As the July 31 centenary of Primo Levi’s birth approached this past summer, Italy paid homage. For the chemist turned writer who, along with Elie Wiesel, cofounder of this magazine, remains widely acknowledged as one of the foremost literary witnesses to Auschwitz’s horror, the outpouring of appreciation marked unmistakable confirmation that Levi would not, like so many important writers after their death, slip from public importance.
Two of the nation’s leading newspapers—Rome’s La Repubblica and Turin’s La Stampa—bundled books by or about Levi with their Sunday editions. On the centenary itself, all three of Italy’s top newspapers published multiple essays about him, with La Stampa scooping everyone by running a lovely, previously unpublished piece by Levi entitled, “I Write Because I Am a Chemist.” RAI Cultura, the country’s national broadcaster, aired a documentary about Levi the same day.
In the United States, the New York Public Library organized an eight-hour reading in multiple languages of If This Is a Man, also translated into English as Survival in Auschwitz. In Lisbon, preparations began for the exposition “The Worlds of Primo Levi: A Strenuous Clarity,” organized and curated by the Centro internazionale di studi Primo Levi in Turin, a show that will later come to the United States.
If one could discern a unifying theme in many of the remembrances, it might be Paolo de Stefano’s recognition, in “The Sentinel Primo Levi,” of “the three-dimensionality of a writer who for years has been loved especially as a witness.” One Italian critic after another commented on the often-ignored diversity of Levi’s work, supporting the writer’s own plea at one time that he did not want to be viewed as merely a “Holocaust writer,” but solely as a scrittore, a writer, with no adjective limiting that sanctified status.
Perhaps the most notable aspect of the tributes was their redirection of attention from the last enormous wave of journalism about Levi—after his death at 67 on April 11, 1987. On that morning, only minutes after answering the doorbell of his third-floor apartment and thanking the concierge for his mail, Levi plunged down the stairwell of the Turin apartment building, Corso Re Umberto 75, where he’d lived all his life.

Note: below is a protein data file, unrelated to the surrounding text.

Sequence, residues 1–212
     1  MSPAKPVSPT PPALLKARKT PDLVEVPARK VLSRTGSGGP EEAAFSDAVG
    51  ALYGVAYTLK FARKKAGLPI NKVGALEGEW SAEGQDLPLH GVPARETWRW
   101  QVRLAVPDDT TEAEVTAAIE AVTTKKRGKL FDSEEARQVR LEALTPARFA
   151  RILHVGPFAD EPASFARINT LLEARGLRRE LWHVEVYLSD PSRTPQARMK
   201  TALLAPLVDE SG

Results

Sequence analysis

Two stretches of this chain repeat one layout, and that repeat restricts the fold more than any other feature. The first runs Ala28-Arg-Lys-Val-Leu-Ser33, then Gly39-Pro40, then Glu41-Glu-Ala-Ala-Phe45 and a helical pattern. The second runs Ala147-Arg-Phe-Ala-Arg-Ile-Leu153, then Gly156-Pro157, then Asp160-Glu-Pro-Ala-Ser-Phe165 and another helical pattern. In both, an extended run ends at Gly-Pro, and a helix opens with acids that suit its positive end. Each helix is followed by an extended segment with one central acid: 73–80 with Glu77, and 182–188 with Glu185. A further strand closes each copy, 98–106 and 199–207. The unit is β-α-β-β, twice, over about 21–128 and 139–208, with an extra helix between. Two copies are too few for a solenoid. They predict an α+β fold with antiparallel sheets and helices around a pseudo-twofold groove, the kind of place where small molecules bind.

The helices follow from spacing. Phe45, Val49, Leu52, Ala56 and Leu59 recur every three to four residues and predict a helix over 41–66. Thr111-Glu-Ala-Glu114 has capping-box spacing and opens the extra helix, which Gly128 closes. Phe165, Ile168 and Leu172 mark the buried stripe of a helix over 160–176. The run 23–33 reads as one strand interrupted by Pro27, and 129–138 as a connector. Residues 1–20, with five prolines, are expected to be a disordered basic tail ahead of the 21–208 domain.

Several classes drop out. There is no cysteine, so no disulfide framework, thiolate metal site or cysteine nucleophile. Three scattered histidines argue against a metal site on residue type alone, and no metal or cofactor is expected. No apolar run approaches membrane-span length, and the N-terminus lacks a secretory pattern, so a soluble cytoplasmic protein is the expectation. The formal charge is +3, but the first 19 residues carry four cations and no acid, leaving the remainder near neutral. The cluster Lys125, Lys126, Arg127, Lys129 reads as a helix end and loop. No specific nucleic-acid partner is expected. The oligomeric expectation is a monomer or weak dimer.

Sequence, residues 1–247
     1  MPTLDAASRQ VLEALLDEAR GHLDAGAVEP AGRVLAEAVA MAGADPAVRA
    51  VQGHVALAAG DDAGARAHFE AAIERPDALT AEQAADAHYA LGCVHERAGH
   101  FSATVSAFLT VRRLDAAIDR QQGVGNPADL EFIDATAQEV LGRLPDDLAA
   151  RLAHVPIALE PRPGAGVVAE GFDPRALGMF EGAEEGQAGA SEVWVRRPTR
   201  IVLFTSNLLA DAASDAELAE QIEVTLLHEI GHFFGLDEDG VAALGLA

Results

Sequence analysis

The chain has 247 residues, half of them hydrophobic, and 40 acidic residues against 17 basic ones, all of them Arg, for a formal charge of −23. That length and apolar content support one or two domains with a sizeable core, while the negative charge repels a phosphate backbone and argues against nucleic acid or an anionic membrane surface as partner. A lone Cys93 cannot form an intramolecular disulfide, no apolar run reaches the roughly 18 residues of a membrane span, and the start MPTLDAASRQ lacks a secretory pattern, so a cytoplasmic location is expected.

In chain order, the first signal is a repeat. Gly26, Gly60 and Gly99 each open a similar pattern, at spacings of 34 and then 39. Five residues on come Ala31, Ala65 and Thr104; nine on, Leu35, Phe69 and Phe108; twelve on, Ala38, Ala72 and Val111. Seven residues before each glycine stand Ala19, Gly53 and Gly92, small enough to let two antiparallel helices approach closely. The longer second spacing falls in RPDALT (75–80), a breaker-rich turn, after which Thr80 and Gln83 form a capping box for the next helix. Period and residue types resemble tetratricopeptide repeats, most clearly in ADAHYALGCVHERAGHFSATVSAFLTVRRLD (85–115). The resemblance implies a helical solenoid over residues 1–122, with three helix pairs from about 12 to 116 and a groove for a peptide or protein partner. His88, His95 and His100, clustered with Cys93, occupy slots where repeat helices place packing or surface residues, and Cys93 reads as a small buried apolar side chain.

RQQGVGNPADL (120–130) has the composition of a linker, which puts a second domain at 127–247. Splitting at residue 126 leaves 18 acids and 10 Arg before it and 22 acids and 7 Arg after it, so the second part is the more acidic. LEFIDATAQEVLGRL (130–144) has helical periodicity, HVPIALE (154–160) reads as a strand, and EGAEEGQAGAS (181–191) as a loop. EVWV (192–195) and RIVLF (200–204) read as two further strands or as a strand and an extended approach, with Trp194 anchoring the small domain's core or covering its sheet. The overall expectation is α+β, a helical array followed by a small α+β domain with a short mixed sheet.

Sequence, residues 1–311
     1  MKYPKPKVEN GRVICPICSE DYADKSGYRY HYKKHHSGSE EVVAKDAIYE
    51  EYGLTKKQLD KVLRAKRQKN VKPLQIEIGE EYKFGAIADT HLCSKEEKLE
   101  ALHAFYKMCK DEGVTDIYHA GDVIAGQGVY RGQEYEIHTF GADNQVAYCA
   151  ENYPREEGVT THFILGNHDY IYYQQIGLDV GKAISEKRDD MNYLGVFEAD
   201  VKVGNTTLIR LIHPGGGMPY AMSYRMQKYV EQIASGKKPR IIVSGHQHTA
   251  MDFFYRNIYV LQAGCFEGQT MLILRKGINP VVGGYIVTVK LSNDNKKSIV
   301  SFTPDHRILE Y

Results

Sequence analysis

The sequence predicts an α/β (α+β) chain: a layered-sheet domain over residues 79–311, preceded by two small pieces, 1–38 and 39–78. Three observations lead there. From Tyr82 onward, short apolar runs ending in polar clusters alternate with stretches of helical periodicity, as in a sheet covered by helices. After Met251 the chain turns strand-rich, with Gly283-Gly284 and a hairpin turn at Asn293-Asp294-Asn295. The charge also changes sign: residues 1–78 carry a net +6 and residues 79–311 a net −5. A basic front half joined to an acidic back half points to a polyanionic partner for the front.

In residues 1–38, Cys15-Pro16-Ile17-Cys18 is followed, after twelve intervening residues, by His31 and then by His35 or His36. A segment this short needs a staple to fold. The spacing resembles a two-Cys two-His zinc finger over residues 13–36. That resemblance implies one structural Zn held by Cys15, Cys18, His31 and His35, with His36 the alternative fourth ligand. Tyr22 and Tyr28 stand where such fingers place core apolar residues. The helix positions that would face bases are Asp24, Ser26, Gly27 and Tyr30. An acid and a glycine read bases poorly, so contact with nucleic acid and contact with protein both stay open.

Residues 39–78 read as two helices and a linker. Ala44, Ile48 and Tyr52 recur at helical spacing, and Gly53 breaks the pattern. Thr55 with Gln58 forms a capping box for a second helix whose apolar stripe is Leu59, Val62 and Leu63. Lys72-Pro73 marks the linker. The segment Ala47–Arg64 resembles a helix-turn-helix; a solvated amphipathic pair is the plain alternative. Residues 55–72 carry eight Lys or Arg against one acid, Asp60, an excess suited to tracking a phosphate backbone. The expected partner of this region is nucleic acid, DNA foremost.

His death stunned the literary world. Had Levi committed suicide in a manner that utterly contradicted everything intimates said later they had thought they knew about him—his scientific precision, his dexterity with chemicals, his kindness, his will to survive, his opposition to suicide? Would such a man not leave a note? Or had he suffered some neurological event that caused him to fall?
In the years since his death, scholars, biographers and those who knew him remain split on the issue. Several biographers came to believe it was a suicide, while many who knew him (including this critic) continue to reject that conclusion. In fairness, attention to the issue can’t be ridiculed as mere literary sensationalism, even if neither side saw the centenary as an appropriate time to raise it again. Given the nature of Levi’s principles, separating the suicide question from his work requires finesse. If even Levi, the voice of cool, rational coping with the trauma of Auschwitz, could take his own life, maybe the possibility of psychologically surviving the Holocaust didn’t really exist.
As his literary reputation rose around the world, Levi stood as the stoic Holocaust survivor who analyzed his experience in Auschwitz as a scientist—dispassionately, precisely, without letting sentimentality get in the way of the facts. Speaking with Philip Roth, he likened If This Is a Man to a factory “weekly report,” the clear, accessible genre he practiced after the war as a chemical engineer managing a paint factory. But his later works expanded far beyond that genre. The Periodic Table, in which every chemical element triggered a story from his past, made him famous. The Monkey’s Wrench, an exuberant novel about a rambunctious construction worker, confirmed his creative touch; and The Tranquil Star, a collection of his inventive short tales and “science fables,” revealed him as far more than the documentarian of Auschwitz.
Over the years, many other writers and intellectuals who survived Auschwitz—the Austrian philosopher Jean Améry, the German-language poet Paul Celan, the Polish writer Tadeusz Borowski and others—committed suicide. But Levi always rejected that “solution.”